In pristine places across the northern hemisphere like here at Camp, on a drab day, when the light is low, tufting out of trunks and twigs, riding on the rocks, and poking out where nothing else will grow are wads and wisps of wolf moss. Their neon greens and yellows are the bling of the forest and often the only bit of bright to remind that the world is not black and white or gray.
Fiber artists for millennia have pulled pigments from it for their wares. There are many articles on how to capture the dye on the web. I also speculate they have value as model railroad shrubbery.
Pretty as it is, it is not entirely benign. Hunters on two continents keep wolf moss for a poison it contains.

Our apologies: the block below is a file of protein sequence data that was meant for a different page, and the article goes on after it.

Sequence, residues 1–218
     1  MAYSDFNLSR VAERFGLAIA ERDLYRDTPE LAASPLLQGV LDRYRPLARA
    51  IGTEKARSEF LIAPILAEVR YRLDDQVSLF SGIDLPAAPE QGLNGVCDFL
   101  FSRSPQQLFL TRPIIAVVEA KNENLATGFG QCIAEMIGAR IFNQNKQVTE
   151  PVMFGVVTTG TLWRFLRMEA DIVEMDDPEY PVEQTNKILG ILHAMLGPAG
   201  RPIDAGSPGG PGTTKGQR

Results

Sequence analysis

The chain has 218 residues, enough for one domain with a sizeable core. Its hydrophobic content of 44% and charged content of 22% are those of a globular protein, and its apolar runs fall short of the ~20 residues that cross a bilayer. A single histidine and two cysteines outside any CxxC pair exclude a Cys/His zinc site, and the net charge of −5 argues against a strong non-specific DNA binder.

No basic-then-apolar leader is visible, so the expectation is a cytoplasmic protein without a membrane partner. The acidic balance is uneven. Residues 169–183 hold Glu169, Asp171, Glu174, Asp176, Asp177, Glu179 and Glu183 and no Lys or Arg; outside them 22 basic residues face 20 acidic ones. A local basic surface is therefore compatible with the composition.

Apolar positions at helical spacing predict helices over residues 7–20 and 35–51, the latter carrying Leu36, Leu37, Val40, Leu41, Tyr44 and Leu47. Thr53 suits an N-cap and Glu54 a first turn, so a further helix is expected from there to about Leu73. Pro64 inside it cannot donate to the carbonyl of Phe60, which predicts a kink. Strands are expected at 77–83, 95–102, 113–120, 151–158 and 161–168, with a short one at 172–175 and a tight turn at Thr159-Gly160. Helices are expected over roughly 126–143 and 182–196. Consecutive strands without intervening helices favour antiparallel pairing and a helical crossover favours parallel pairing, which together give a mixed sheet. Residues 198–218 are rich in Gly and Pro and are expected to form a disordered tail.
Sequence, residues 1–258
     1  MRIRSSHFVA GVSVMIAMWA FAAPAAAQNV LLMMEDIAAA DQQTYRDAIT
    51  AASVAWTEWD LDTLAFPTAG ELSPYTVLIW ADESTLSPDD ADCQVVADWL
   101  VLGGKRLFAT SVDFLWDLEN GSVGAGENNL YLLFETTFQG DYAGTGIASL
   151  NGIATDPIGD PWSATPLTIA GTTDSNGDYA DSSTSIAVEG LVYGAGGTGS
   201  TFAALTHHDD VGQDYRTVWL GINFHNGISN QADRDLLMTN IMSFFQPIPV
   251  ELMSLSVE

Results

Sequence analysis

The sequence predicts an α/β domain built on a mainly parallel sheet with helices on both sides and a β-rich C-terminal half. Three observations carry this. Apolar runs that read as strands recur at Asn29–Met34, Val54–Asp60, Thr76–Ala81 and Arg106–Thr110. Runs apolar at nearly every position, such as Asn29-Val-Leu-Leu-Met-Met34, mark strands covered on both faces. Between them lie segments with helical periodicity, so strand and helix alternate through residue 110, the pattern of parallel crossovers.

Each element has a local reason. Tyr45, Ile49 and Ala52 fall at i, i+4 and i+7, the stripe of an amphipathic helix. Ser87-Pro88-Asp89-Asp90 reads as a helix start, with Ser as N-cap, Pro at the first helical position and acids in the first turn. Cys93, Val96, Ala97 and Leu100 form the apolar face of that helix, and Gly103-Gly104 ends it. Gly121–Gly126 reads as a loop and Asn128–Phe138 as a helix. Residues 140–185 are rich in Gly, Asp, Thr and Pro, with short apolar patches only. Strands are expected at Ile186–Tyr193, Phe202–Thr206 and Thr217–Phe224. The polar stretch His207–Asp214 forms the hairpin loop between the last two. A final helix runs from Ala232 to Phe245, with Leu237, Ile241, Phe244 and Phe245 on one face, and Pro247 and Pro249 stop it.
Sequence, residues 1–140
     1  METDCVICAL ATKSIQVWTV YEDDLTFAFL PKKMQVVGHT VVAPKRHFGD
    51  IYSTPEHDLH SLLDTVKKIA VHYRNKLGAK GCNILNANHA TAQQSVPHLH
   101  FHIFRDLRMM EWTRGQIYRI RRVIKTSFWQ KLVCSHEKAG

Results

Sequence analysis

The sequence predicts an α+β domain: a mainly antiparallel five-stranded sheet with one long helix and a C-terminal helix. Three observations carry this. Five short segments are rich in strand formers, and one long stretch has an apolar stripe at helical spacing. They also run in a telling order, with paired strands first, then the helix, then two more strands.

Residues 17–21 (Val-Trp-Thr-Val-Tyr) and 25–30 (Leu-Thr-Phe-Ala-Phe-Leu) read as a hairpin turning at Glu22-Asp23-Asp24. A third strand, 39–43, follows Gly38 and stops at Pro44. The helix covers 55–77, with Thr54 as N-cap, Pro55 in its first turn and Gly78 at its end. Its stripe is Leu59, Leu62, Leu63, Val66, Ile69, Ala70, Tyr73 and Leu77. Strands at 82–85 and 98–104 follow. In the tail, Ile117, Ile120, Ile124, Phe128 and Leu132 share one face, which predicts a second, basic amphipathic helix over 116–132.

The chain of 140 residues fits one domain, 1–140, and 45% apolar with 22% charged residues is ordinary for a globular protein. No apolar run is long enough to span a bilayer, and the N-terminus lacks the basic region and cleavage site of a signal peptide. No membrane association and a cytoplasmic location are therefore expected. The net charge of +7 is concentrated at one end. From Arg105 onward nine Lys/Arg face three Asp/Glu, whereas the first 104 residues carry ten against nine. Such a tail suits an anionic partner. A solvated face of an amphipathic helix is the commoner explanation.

The Achomawi, a branch of the local Pit River tribes knew of this quality and dipped their arrowheads in an extract to add a little venom to the quiver.
In Europe, people would concoct a poison for wolves and foxes mixing it with glass and meat to rid them of their menace. The biologist’s name for wolf moss is a testament to that, Letheria vulpina, lethal to foxes.
That biologist may refer to it as wolf moss but begrudgingly as the "moss" portion of that name is not supported by the facts. Wolf moss is a lichen and not a moss at all. But it got it’s name long before life was categorized by genus and species and wolf lichen is not likely to catch on.
So, what is a lichen?
We look at wolf moss and see a single thing like an orchid or a worm but a lichen is two different things, a fungus and an algae, so bound with one another that they can not be taken apart or separated. I like to think of the fungus as the house, the structure that supports and gives shape and the algae as the party providing food and color.
I envy how they live together in such perfect harmony.